Publication: Sunday Times Issued: Date: 2004-03-02 Reporter: Mzilikazi wa Afrika

Scorpions Probe False ID Claim



Sunday Times

Date 2004-03-02


Mzilikazi wa Afrika

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The Scorpions are probing a Johannesburg businessman for allegedly using a fraudulently obtained identity document to secure government tenders worth more than R20-million.

The Sunday Times can confirm that Charles Modise donated money to the African National Congress and even paid rent for the party's Upington office.

Modise, who is the managing director of Sedibeng Construction, is being investigated following allegations that he is a Malawi citizen with a South African ID book, which he obtained illegally.

Scorpions spokesman Sipho Ngwema, said yesterday that he could not comment on an ongoing investigation.

Last week it was reported that former Northern Cape Transport MEC, John Block, awarded Sedibeng Construction tenders worth more than R20-million.

A forensic investigation by the office of the Auditor-General has found that some of the tenders were improperly awarded and the company was also paid millions of rands for projects that did not materialise.

The Auditor-General recommended that the company pay back some of the money, to which Block agreed.

But Modise, through his lawyer, Lawley Shein, said this week that Sedibeng was paid for the work done for the province.

Shein said Modise donated R100 000 for an ANC dinner attended by Deputy President Jacob Zuma in the Northern Cape. He also paid R10 000 in rent for the party's Upington office "like any businessman would do".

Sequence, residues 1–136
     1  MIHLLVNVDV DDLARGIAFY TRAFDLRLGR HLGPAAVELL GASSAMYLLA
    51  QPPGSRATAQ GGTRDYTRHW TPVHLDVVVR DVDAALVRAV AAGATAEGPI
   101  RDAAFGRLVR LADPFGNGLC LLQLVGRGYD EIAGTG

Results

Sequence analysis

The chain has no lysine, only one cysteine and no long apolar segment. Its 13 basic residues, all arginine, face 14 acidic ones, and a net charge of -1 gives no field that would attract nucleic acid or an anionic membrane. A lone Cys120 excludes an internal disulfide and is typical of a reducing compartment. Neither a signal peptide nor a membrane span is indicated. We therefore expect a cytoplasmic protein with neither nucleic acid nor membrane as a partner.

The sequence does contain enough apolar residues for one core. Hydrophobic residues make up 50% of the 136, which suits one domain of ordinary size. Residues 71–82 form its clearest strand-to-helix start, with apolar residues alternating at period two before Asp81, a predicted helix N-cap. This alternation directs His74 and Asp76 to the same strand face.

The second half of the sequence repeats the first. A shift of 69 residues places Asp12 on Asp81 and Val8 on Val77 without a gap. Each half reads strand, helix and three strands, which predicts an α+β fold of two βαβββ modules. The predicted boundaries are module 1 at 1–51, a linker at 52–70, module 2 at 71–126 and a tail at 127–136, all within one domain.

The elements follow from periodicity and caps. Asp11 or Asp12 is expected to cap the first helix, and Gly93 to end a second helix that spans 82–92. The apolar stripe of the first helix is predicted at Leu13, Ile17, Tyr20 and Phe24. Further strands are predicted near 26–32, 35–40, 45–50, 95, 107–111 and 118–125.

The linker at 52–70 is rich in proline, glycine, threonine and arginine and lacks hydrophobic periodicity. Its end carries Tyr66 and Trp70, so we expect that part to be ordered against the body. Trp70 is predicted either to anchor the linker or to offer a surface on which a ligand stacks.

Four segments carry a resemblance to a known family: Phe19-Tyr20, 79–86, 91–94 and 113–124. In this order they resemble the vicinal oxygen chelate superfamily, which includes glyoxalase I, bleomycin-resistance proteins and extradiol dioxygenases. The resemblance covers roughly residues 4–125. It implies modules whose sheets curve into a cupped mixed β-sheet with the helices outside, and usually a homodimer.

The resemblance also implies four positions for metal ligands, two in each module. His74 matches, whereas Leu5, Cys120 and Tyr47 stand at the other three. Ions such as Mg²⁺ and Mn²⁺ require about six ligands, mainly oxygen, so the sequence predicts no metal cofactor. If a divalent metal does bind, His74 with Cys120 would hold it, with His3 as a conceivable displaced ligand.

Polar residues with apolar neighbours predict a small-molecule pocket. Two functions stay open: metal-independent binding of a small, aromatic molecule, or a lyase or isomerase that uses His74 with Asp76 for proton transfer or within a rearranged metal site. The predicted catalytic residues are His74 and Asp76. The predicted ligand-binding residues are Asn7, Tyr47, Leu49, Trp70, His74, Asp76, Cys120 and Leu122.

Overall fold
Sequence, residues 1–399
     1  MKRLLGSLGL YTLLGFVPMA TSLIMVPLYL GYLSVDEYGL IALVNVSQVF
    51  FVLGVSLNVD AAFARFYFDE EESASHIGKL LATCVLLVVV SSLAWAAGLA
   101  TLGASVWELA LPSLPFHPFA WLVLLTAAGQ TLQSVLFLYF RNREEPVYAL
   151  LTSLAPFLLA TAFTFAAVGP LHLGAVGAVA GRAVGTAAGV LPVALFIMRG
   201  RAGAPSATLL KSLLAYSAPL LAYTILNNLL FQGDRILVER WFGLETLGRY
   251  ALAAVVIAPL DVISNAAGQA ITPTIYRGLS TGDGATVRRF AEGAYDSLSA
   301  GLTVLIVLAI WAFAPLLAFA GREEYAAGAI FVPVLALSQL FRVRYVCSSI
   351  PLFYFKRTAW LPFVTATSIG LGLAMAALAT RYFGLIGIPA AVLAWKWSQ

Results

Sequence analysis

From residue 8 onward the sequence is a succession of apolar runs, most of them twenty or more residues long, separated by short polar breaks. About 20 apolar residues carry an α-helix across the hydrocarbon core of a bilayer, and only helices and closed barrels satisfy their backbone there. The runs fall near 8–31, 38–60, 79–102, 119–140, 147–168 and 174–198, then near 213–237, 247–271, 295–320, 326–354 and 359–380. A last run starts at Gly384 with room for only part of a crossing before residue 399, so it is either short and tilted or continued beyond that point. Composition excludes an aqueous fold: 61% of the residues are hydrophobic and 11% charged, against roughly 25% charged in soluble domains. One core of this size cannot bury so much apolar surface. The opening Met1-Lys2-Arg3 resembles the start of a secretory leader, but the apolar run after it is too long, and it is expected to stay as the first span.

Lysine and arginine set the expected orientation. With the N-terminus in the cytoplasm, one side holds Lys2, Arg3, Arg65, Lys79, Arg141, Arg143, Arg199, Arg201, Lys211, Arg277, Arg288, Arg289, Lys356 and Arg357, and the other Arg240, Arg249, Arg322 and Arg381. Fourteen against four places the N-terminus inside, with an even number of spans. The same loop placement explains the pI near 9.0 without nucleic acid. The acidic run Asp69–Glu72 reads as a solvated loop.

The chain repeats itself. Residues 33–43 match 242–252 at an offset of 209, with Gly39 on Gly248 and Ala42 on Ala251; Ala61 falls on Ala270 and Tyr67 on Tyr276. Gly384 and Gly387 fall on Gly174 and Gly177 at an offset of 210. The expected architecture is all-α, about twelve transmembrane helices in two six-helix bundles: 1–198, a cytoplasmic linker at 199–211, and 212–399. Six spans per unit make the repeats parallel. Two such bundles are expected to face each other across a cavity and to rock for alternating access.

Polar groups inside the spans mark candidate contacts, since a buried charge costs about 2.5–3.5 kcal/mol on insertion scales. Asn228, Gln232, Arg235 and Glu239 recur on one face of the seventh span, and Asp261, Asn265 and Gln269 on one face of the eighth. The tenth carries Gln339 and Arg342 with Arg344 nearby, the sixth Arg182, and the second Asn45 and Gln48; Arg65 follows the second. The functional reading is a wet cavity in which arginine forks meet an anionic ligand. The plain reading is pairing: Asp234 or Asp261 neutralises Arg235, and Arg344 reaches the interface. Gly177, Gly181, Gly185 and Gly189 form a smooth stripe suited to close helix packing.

In his statement, Shein said that "there is no substance to allegations" that there was something irregular in the way Sedibeng was awarded the tenders.

The statement also said that the company "cannot be held responsible" if Northern Cape government officials violated tender regulations after it was awarded the contracts.

Shein said all payments made to Sedibeng Construction were made for "work done in accordance with the terms of their agreement ".

The Auditor-General also recommended that Modise face charges of fraud after it was established that he was not registered as a professional engineer.

But Shein claimed that Modise "denied that he ever made out to the department that he was a professional engineer".

Responding to the new Scorpions probe into Modise, Shein said that his client was born in South Africa, but grew up in Malawi "because his parents went into exile there".

Shein said: "Modise is a South African and his ID book was not obtained in a fraudulent manner."

He also admitted that Modise at some stage used to call himself Charles Kasinja - a name that he was popularly known by in Malawi.

Shein admitted that at some stage Modise was investigated by Transnet for the same allegation - that he allegedly used his ID book to win a tender.

But, he said: "The probe found in Modise's favour."

With acknowledgements to Mzilikazi wa Afrika and the Sunday Times.